Archiver > GENEALOGY-DNA > 2005-03 > 1111190716

From: "Ken Nordtvedt" <>
Subject: Re: [DNA] Finding new USEFUL SNPs?
Date: Fri, 18 Mar 2005 17:05:16 -0700
References: <> <004401c52c10$7a20dc80$eb409145@Ken1> <030901c52c14$17a5ff50$fda1bf43@YOURF8387228BF>

The formulas genetic statisticians have developed to relate spread of repeat
values to age --- diversity or variance are the buzz words --- take the
back (up and down) mutations into account. That is why it is the average
squared distance which is related to age or number of generations. Only for
a short time does this averaged squared distance approximate the average
distance. It soon squishes down to achieve roughly what you are talking

Then there is the issue of repeat patterns getting too long or too short,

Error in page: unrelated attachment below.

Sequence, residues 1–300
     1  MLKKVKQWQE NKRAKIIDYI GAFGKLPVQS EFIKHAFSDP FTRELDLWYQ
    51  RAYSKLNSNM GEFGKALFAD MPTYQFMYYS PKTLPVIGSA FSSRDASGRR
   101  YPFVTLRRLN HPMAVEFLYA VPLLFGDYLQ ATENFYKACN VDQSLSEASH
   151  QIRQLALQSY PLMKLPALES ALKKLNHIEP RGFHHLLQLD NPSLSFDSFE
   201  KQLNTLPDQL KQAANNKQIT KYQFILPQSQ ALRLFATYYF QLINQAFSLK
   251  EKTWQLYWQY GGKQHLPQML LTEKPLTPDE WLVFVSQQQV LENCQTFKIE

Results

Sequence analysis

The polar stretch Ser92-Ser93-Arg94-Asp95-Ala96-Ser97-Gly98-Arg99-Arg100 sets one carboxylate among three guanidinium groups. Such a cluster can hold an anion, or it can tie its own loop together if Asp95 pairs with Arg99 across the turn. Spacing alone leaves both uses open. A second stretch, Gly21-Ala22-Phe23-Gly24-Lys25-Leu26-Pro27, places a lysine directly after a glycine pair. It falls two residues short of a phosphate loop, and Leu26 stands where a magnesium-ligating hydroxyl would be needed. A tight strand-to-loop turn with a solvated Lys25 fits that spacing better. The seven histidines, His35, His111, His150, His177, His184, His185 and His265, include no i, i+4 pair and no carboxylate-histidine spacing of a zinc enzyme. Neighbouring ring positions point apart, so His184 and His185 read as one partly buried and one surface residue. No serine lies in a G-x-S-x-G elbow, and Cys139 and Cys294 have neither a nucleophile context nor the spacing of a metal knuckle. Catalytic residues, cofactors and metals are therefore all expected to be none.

and then something about the rate of mutation must change. This may happen
sooner in some STRs than others. A repeat pattern can't go down to zero
repeats! And the biggest repeat we have seen so far is about 40. This may
be a factor for the very oldest of the haplogroups. Does anyone know what
is the most diverse haplogroup population of all which has been driven by
mainly mutation and not splintered into various founder populations by

But for some of the comparisons between father/son rates and applications to
ancient populations, none of the factors you mention seem to explain
anything like the 1/3 factor. Both situations are working with the same
range of repeat values as the other.

----- Original Message -----
From: "Phil Goff" <>
To: <>
Sent: Friday, March 18, 2005 4:42 PM
Subject: Re: [DNA] Finding new USEFUL SNPs?

> Ken,
> I am not a mathematician, but don't up and down mutations ultimately
> the effective mutation rate over very long periods of time?

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